If some specialists fear a shortage of lithium and therefore of batteries for electric cars, the discovery of a deposit in Belgium should change the situation. But this will go hand in hand with a potential increase in prices for electric cars in the future.
Sales of electric cars continue to increase around the world. In France, they have already exceeded those of diesel for several months, as well as on a European scale. Moreover, for the very first time in history, the market share of zero-emission (exhaust) cars has risen above 20% on the Old Continent.
A new deposit
But this increase in sales also results in a rising demand for raw materials. And particularly in lithium. And for good reason, this material is present in almost all batteries, since sodium accumulators are still in their infancy. The problem is that the latter is not an inexhaustible resource and many specialists are sounding the alarm.
It is in fact said thata shortage is brewing and that resources may be lacking. According to one estimate, it will take no less than 90,000 tonnes of lithium to make it possible to drive 15 million electric cars by 2030 nothing than in Germany. However, annual production is currently 105,000 tonnes.
Are we going to run out of lithium in the coming years, while Brussels also wants to ban the sale of thermal cars? Rest assured, the situation is far from being as alarming as people say. And the recent discovery of a deposit in Belgium confirms it again. Daily life The Free explains that the Hita company recently found lithium in the water it pumps near Antwerp.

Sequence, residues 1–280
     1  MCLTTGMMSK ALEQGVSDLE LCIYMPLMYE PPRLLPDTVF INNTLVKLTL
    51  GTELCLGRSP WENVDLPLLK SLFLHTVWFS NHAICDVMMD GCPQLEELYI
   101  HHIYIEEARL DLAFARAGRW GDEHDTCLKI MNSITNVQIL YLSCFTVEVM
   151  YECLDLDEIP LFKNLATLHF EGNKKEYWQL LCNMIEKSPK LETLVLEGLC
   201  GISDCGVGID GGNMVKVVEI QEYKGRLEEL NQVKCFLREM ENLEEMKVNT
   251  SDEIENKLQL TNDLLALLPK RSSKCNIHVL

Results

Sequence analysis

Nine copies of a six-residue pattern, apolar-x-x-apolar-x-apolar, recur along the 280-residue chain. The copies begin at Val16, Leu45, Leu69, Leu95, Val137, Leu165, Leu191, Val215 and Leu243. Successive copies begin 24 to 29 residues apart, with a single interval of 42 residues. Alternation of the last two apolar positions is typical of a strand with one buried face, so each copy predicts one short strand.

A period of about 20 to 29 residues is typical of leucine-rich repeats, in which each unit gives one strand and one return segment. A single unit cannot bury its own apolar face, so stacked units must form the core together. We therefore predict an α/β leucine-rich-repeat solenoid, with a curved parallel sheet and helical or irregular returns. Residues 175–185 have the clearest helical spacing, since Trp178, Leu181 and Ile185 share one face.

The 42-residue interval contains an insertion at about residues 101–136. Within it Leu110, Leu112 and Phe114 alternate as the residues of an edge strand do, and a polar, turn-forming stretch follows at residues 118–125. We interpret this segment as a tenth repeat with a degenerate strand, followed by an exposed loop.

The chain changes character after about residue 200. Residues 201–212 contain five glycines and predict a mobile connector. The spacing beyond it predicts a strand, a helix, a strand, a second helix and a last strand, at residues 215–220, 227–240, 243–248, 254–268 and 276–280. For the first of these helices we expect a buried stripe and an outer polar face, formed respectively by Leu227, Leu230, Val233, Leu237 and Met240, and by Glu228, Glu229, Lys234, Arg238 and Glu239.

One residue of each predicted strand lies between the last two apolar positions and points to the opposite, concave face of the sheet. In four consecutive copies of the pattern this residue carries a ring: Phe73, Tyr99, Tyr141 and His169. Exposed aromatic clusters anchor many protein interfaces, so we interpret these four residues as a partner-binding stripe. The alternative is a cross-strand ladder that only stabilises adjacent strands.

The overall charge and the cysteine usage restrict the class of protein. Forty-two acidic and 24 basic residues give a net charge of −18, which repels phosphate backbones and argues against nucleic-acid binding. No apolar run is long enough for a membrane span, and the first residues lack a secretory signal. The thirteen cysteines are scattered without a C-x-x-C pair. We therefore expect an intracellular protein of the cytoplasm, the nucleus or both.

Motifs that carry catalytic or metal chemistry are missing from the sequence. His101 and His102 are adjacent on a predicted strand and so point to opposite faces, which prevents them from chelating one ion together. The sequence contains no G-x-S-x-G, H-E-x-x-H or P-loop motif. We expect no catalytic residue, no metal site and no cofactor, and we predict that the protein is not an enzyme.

This deposit could make it possible to produce batteries for 125,000 electric cars per year, even if it only gives 100 mg/liter. And this while the profitability threshold is currently set at 150 g/liter. Good news however, especially since other deposits have recently been discovered, including one in the United States which would even be the largest in the world with 120 million tonnes.
A rising price?
At the start of the year, another was discovered in India, containing more than 5.9 million tonnes, while France also has a deposit in Alsace. The latter will be operated by the company Lithium de France, which plans to invest 44 million euros. Enough to produce cleaner batteries while reducing our dependence on China. Suffice to say that the shortage is not yet imminent.
However, everything is not rosy either. Jean-Marc Baele, specialist in geology interviewed by the Belgian media, warns the possible increase in cost. In fact, farming in Europe is more expensive than in Asia, particularly due to the cost of labor. It’s the same thing for car manufacturing, as confirmed by MG, whose price for its MG4 will be increased when it is produced here.
Should we expect an increase in the price of electric cars, despite the fact that we are promised parity soon? Not necessarily. In fact, the price of lithium is generally falling, and the Belgian deposit is too small to have a lasting influence on it. However, a manufacturer who uses only European lithium and who manufactures his cars on the Old Continent risks charging more for his cars.
And this is likely to happen, since France wants to penalize brands using batteries produced in China by removing the ecological bonus. In addition, the Belgian deposit would be more virtuous for the environment, because the exploitation of lithium from geothermal energy has a less harmful impact than mines.
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